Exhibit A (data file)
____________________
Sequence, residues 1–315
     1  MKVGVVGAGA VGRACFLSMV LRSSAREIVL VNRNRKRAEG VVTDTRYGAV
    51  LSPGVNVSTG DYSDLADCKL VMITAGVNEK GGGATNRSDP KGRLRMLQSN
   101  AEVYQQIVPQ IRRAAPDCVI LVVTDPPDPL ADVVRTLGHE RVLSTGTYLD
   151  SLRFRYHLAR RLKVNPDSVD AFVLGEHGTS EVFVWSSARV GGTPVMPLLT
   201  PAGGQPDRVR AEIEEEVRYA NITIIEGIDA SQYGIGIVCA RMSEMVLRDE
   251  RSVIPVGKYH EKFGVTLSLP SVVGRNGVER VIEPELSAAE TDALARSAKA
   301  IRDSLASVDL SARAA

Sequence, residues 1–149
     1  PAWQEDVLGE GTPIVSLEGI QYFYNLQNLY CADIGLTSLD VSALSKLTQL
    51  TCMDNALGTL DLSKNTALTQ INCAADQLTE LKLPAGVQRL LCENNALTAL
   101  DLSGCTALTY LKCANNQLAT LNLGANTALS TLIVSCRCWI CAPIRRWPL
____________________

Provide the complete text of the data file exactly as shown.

Sequence, residues 1–315
     1  MKVGVVGAGA VGRACFLSMV LRSSAREIVL VNRNRKRAEG VVTDTRYGAV
    51  LSPGVNVSTG DYSDLADCKL VMITAGVNEK GGGATNRSDP KGRLRMLQSN
   101  AEVYQQIVPQ IRRAAPDCVI LVVTDPPDPL ADVVRTLGHE RVLSTGTYLD
   151  SLRFRYHLAR RLKVNPDSVD AFVLGEHGTS EVFVWSSARV GGTPVMPLLT
   201  PAGGQPDRVR AEIEEEVRYA NITIIEGIDA SQYGIGIVCA RMSEMVLRDE
   251  RSVIPVGKYH EKFGVTLSLP SVVGRNGVER VIEPELSAAE TDALARSAKA
   301  IRDSLASVDL SARAA

Sequence, residues 1–149
     1  PAWQEDVLGE GTPIVSLEGI QYFYNLQNLY CADIGLTSLD VSALSKLTQL
    51  TCMDNALGTL DLSKNTALTQ INCAADQLTE LKLPAGVQRL LCENNALTAL
   101  DLSGCTALTY LKCANNQLAT LNLGANTALS TLIVSCRCWI CAPIRRWPL